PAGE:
How long does Probate take?
There is no set time limit for how long it takes an estate take to go through probate or complete the estate administration but in most cases it takes months not weeks. Estate administration can be a complicated process and sometimes unpredictable, there are many factors that can cause probate to be delayed, making it impossible to give a definitive answer to how long does probate take.
However we can make some estimations of how long probate will take to be granted and when the administration will be completed. This can be done by separating the process into 3 parts, before the application, once the application is with the probate office and once probate has been granted.
How long does probate take to be applied for?
How long it takes for the application to be completed is firstly dependent on the applicant’s access to information about the estate. Unfortunately this is often reliant on other people, be it a solicitor holding the Will, statements for bank accounts from financial institutions, probate valuations from estate agents/property valuers or family members doing their bit in a timely and efficient manner.
In cases where the deceased kept clear and tidy records of their financial affairs, held assets with few institutions and the estates value is below their inheritance tax threshold, a probate application can be made in a matter of days.
In cases where the deceased held several assets, with several Institutions or kept messy accounts it will take longer to gather all the information required to complete probate application. The more companies and institutions involved the more reliant the applicant is on everybody providing information in a timely manner which is not always the case. Gathering all the information required to complete the application forms can take a couple of weeks.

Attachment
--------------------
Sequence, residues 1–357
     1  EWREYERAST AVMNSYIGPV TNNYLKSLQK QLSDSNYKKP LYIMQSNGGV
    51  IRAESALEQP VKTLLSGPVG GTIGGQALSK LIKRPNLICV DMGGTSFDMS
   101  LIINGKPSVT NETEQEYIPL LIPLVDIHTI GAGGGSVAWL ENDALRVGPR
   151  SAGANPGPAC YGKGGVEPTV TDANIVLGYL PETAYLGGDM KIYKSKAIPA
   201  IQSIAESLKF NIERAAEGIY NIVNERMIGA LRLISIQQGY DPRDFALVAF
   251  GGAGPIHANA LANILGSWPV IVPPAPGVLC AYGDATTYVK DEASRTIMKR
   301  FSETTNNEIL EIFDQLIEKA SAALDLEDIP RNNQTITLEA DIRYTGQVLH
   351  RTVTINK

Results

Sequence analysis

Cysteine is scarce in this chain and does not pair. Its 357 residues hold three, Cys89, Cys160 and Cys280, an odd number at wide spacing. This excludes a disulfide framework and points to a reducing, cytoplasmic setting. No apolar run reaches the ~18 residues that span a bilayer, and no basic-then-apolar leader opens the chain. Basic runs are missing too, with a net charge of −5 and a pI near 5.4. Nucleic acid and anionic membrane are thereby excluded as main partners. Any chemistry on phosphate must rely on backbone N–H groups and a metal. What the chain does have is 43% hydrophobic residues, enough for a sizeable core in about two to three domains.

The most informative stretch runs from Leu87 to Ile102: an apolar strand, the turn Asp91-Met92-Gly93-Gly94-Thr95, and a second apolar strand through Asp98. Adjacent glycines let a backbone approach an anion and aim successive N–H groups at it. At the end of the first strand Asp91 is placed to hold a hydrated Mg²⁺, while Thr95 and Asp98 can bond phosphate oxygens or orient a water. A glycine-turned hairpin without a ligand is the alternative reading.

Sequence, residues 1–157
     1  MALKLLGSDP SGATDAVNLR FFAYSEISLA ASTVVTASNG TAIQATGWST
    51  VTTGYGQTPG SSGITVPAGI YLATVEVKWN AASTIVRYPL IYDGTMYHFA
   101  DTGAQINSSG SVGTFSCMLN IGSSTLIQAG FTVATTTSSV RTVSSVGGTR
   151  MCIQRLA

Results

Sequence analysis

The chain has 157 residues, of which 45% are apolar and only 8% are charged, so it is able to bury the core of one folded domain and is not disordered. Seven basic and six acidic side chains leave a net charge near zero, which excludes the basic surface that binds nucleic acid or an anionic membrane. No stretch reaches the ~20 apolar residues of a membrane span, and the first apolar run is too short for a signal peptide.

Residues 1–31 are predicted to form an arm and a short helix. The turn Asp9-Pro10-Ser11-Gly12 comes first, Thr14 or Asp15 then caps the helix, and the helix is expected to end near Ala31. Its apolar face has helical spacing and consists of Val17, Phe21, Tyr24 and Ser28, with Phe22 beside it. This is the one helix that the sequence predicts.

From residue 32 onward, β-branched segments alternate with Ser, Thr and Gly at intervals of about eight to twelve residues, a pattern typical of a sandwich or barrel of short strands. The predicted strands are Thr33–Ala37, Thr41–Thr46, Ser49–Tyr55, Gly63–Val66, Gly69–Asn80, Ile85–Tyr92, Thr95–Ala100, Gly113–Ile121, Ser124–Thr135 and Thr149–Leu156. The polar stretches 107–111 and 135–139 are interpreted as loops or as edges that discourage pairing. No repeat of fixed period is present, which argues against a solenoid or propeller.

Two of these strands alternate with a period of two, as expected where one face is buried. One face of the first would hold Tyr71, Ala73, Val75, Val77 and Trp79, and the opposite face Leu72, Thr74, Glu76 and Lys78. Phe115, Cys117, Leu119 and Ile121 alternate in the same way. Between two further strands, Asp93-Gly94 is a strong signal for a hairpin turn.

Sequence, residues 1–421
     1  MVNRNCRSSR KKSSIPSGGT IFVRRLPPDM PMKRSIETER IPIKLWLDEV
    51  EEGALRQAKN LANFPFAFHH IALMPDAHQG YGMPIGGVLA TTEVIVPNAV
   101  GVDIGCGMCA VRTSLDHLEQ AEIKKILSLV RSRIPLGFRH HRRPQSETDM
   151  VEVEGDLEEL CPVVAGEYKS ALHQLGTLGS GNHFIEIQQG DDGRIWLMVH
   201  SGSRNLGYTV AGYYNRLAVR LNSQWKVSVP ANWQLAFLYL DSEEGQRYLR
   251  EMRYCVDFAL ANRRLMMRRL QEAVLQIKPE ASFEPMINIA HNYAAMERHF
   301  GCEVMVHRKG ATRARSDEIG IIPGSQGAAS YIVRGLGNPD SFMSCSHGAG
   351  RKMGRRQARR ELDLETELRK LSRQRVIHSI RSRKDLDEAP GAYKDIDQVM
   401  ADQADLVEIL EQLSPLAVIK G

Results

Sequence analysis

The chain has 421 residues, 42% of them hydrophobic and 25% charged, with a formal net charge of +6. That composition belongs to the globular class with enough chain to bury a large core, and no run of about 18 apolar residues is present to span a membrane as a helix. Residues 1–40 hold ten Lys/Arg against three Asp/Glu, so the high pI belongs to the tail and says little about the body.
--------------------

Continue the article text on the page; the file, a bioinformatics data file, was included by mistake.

Applications for estates where Inheritance Tax is payable will also take longer to prepare as it is necessary to obtain professional valuations for the assets and to calculate the correct amount of inheritance tax. This process can take a couple weeks to complete before an application can be made.
Along with external factors that can delay the probate application, the time it takes to deal with probate is heavily dependent on the executors willingness and capability to apply. A reluctant or overwhelmed executor will take a much longer time to go through probate this could be because they are putting it off and burying their head in the sand or because they are not sure of the probate process and the correct procedures. Either way this can add weeks and sometimes months to the probate application process.
Cases where it is impossible to give any time indication is if unexpected complications arise, these could be liabilities against the estate, discovery of previously unknown assets or disagreements and disputes.
How long does probate take after sending the application?
Unlike the administration aspect of probate, the probate office does provide a bit more structure to the process. Although once your application has been lodge with the probate office there is little you can do to speed up the processing of your application.
The average time it takes for the probate office to reach your application can vary depending on time of year, how busy the registry is and how many staff they have. Although there is no set time limit for the probate office to process your application, we are able to get an indication of how long it will take using timescales from previous applications. These timescales are different for non-taxable estates, taxable estates and urgent situations (for example for court cases).